DC.js - Bar Chart


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Bar chart is one of the most commonly used types of graph and are used to display and compare the number, frequency or other measure (e.g. mean) for different discrete categories or groups. The graph is constructed such that the heights or lengths of the different bars are proportional to the size of the category they represent.

The x-axis (the horizontal axis) represents the different categories it has no scale. The y axis (the vertical axis) does have a scale and this indicates the units of measurement. The bars can be drawn either vertically or horizontally depending upon the number of categories and length or complexity of the category.

Bar Chart Methods

Before moving to draw a bar chart, we should understand the dc.barChart class and its methods. The dc.barChart uses mixins to get the basic functionality of drawing a chart. The mixins used by the dc.barChart are as follows −

  • dc.stackMixin
  • dc.coordinateGridMixin

The complete class diagram of the dc.barChart is as follows −

Bar Chart Methods

The dc.barChart gets all the methods of the above specified mixins. In addition, it also has its own methods to draw the bar chart. They are explained as follows −

alwaysUseRounding( [round])

This method is used to get or set whether rounding is enabled when the bars are centered.

barPadding( [pad])

This method is used to get or set the spacing between bars as a fraction of bar size. The possible padding values are between 0-1.

centerBar( [centerBar])

This method is used to set the bar, centered around the data position on the x-axis.

gap( [gap])

This method is used to set a fixed gap between the bars.

outerPadding( [pad])

This method is used to set the outer padding on an ordinal bar chart.

Draw a Bar Chart

Let us draw a bar chart in DC. To do this, we should follow the steps given below −

Step 1: Define a variable

Let us define a chart variable as shown below −

var chart = dc.barChart('#bar');

Here, the dc.barChart function is mapped with a container having bar as the id.

Step 2: Read the data

Read data from the people.csv file.

d3.csv("data/people.csv", function(errors, people) {
   var mycrossfilter = crossfilter(people);
}

If the data is not present, then it returns an error. Now, assign the data to Crossfilter. For this example, we will use the same people.csv file, which looks as follows −

id,name,gender,DOB,MaritalStatus,CreditCardType
1,Damaris,Female,1973-02-18,false,visa-electron
2,Barbe,Female,1969-04-10,true,americanexpress
3,Belia,Female,1960-04-16,false,maestro
4,Leoline,Female,1995-01-19,true,bankcard
5,Valentine,Female,1992-04-16,false,
6,Rosanne,Female,1985-01-05,true,bankcard
7,Shalna,Female,1956-11-01,false,jcb
8,Mordy,Male,1990-03-27,true,china-unionpay
..................
..................
..................

Step 3: Create an age dimension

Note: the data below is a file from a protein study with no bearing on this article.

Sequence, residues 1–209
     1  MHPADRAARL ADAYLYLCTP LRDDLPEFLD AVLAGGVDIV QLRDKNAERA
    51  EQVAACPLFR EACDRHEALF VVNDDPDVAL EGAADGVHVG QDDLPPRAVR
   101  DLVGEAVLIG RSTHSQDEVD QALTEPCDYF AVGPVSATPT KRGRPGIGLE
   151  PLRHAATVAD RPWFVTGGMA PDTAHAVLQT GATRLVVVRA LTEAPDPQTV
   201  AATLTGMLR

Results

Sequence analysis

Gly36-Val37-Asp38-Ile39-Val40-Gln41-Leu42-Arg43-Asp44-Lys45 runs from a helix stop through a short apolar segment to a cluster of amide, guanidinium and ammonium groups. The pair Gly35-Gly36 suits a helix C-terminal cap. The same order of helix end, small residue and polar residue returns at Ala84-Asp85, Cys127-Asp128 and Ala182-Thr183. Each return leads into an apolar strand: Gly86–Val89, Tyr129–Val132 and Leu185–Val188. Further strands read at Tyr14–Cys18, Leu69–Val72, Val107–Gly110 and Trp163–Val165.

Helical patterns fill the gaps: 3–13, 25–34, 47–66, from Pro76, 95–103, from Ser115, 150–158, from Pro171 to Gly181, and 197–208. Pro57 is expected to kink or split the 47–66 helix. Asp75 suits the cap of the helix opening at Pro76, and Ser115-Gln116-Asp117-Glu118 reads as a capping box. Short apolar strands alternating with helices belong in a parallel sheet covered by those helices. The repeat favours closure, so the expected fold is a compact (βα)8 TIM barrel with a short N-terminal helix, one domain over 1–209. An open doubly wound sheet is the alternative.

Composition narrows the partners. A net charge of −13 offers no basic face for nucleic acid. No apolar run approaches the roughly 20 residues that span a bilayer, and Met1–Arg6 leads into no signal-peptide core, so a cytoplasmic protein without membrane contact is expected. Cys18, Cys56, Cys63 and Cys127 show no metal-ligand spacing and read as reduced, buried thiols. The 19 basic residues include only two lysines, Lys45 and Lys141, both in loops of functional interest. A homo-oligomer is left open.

Now, create a dimension for age as shown below −

var ageDimension = mycrossfilter.dimension(function(data) { 
   return ~~((Date.now() - new Date(data.DOB)) / (31557600000)) 
});

Here, we assigned the age from the Crossfilter data. The ~~ is a double NOT bitwise operator. It is used as a faster substitute for the Math.floor() function.

Now, group it using the reduceCount() function that is shown below −

var ageGroup = ageDimension.group().reduceCount();

Step 4: Generate a chart

Now, generate a bar chart using the coding given below −

chart
   .width(800)
   .height(300)
   .x(d3.scale.linear().domain([15,70]))
   .brushOn(false)
   .yAxisLabel("Count")
   .xAxisLabel("Age")
   .dimension(ageDimension)
   .group(ageGroup)
   .on('renderlet', function(chart) {
      chart.selectAll('rect').on('click', function(d) {
         console.log('click!', d);
      });
   });

chart.render();

Here,

  • Chart width is 800 and height is 300.

  • The d3.scale.linear function is used to construct a new linear scale with the specified domain range [15, 70].

  • Next, we set the brushOn value to false.

  • We assign the y-axis label as count and x-axis label as age.

  • Finally, group the age using the ageGroup function.

Step 5: Working example

The complete code listing is as follows. Create a web page bar.html and add the following changes to it.

<html>
   <head>
      <title>DC Bar chart Sample</title>
      <link rel = "stylesheet" type = "text/css" href = "css/bootstrap.min.css">
      <link rel = "stylesheet" type = "text/css" href = "css/dc.css"/>

      <script src = "js/d3.js"></script>
      <script src = "js/crossfilter.js"></script>
      <script src = "js/dc.js"></script>
   </head>
   
   <body>
      <div>
         <div id = "bar"></div>
      </div>

      <script language = "javascript">
         var chart = dc.barChart('#bar');

         d3.csv("data/people.csv", function(errors, people) {
            var mycrossfilter = crossfilter(people);

            var ageDimension = mycrossfilter.dimension(function(data) { 
               return ~~((Date.now() - new Date(data.DOB)) / (31557600000)) 
            });
            var ageGroup = ageDimension.group().reduceCount();

            chart
               .width(800)
               .height(300)
               .x(d3.scale.linear().domain([15,70]))
               .brushOn(false)
               .yAxisLabel("Count")
               .xAxisLabel("Age")
               .dimension(ageDimension)
               .group(ageGroup)
               .on('renderlet', function(chart) {
                  chart.selectAll('rect').on('click', function(d) {
                     console.log('click!', d);
                  });
               });
            chart.render();
         });
      </script>
   </body>
</html>

Now, request the browser and we will see the following response.



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